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Jacksonville protesters demand closure of Guantanamo Bay prison

By staff |
February 3, 2015
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Above:
Veteran Wells Todd speaks to the crowd. (FightBack!News/Estafania Galvis)
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Left:
Protestors in front of US Rep. Crenshaw's office. (FightBack!News/Estafania Galvis)
Center:
Veterans for Peace deliver letter to US Rep. Crenshaw's office. (FightBack!News/Estafania Galvis)
Right:
Veteran Wells Todd leads chants during march. (FightBack!News/Estafania Galvis)

Jacksonville, FL – 25 protesters gathered at Memorial Park at noon, Jan. 31 to call for an end to U.S. torture practices. The Jacksonville chapter of Veterans for Peace led the rally and demanded the immediate closure of the Guantanamo Bay military base as well as all U.S. torture ‘black sites’ around the world.

Protesters first heard moving words from military veteran Wells Todd, who spoke of the history of U.S. torture techniques and the specifics of how detainees at Guantanamo Bay are treated. Organizers then led a march to U.S. Congressman Ander Crenshaw's office to deliver a letter demanding his support for the efforts to close Guantanamo Bay.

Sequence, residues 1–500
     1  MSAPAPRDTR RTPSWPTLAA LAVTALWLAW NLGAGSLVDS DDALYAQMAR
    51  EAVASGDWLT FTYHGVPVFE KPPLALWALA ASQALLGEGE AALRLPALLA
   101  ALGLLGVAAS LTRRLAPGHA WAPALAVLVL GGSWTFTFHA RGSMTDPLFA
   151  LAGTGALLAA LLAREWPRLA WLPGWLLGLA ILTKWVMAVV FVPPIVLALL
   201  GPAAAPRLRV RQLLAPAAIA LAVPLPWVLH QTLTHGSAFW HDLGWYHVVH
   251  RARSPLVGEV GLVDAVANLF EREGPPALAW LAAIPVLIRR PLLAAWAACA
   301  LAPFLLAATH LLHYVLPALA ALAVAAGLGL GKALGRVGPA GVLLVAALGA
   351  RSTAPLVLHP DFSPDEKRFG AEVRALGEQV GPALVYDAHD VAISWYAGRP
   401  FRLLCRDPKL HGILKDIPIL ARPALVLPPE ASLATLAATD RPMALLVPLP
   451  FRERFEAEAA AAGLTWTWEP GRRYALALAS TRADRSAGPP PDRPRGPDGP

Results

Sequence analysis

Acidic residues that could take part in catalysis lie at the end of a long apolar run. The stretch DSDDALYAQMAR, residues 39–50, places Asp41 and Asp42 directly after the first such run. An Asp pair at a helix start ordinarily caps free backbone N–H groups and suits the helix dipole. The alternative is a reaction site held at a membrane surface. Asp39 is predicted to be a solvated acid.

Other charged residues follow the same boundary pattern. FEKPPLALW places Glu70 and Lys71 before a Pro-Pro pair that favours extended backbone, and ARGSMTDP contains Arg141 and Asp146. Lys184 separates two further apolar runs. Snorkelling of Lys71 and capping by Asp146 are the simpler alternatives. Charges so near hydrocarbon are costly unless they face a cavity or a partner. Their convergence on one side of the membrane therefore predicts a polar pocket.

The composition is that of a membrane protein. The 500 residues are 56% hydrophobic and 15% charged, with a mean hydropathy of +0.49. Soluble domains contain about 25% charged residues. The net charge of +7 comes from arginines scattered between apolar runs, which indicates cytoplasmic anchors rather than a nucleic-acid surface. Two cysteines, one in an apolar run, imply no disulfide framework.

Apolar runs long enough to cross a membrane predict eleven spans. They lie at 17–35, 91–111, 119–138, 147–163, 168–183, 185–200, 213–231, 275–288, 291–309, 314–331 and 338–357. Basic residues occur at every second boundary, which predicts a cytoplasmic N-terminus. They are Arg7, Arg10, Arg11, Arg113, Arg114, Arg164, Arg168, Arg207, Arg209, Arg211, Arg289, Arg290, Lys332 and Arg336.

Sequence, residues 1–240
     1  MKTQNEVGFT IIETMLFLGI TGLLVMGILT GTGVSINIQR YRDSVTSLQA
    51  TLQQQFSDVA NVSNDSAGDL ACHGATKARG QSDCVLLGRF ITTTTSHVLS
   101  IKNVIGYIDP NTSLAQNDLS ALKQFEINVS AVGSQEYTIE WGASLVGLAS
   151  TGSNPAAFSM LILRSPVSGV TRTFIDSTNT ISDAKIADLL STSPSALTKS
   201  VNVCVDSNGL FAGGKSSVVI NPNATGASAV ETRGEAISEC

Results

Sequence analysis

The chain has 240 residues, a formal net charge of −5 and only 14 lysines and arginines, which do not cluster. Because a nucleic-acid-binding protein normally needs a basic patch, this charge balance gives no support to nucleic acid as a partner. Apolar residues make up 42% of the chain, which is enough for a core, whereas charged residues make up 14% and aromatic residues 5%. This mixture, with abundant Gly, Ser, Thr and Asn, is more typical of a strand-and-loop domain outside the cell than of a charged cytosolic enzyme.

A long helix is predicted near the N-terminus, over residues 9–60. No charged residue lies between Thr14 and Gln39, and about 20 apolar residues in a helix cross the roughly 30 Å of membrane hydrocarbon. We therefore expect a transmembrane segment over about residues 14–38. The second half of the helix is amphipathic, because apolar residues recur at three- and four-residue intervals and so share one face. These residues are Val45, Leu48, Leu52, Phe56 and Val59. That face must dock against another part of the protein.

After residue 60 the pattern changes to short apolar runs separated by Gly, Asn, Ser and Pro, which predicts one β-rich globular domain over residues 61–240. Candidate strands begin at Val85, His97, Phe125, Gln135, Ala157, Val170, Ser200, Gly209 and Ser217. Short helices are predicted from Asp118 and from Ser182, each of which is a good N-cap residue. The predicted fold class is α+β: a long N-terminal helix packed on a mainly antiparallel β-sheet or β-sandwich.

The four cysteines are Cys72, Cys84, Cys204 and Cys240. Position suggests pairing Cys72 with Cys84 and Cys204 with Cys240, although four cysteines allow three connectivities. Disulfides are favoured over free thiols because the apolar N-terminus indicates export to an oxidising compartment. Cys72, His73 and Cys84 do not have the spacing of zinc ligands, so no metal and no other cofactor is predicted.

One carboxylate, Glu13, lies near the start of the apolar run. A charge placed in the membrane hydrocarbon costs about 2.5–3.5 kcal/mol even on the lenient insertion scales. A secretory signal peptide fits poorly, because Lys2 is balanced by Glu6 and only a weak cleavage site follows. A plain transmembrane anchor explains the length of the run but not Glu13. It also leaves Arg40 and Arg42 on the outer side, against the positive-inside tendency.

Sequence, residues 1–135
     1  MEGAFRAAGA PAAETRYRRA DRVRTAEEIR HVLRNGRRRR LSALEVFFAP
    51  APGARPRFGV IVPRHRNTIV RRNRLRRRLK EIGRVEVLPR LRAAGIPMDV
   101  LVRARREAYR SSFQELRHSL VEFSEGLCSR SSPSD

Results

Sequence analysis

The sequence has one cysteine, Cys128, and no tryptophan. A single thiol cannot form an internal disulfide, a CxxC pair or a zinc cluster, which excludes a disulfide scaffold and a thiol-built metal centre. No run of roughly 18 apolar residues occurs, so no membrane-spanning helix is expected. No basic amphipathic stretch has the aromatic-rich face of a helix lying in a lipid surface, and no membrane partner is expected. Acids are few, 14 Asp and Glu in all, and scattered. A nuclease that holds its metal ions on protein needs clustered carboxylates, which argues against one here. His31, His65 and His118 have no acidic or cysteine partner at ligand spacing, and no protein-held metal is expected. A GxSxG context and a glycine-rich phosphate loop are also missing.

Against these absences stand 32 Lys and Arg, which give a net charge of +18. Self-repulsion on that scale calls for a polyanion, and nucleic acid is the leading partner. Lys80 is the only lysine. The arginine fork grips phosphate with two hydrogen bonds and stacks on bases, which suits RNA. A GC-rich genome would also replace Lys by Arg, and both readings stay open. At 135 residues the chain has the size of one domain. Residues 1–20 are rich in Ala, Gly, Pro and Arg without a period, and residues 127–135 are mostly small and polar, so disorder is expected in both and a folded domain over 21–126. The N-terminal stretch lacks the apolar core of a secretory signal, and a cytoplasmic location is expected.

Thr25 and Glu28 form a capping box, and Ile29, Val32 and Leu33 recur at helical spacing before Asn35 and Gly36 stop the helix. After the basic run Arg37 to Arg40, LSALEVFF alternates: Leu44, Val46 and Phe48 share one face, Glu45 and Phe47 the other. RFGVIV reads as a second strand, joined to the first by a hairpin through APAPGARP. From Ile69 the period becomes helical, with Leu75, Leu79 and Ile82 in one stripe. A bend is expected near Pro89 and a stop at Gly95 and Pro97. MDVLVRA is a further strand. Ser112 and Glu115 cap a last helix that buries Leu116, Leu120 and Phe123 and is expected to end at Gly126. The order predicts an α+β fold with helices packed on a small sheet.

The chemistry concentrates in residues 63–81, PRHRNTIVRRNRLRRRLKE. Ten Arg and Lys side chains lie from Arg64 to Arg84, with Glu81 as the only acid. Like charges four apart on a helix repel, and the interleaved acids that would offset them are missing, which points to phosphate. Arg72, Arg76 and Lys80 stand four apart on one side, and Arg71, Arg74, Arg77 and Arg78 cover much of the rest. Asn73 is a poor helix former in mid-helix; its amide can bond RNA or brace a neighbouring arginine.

A member of Jacksonville Veterans for Peace stated, "We at the VFP believe these interrogation techniques are morally and legally wrong and are inconsistent with our values as Americans."

Protesters heard several more speeches before heading to a busy intersection known as Five Points. Veterans on bullhorns led protesters with chants such as “Close Gitmo now,” “Hey hey ho ho, Guantanamo has got to go,” and “One, two, three, four, Obama close those prison doors. Five, six, seven, eight, stop the torture, stop the hate.”

“The March Against Torture rally put on by the Veterans for Peace was something that was really needed here in Jacksonville. It's so important to stand united against the oppression of basic human rights. As Americans, we are not okay with that and we want those responsible to stand trial for their war crimes,” said protester Dannelle Leigh.

The march closed out at Memorial Park with protesters pledging to support future Jacksonville Veterans for Peace actions.

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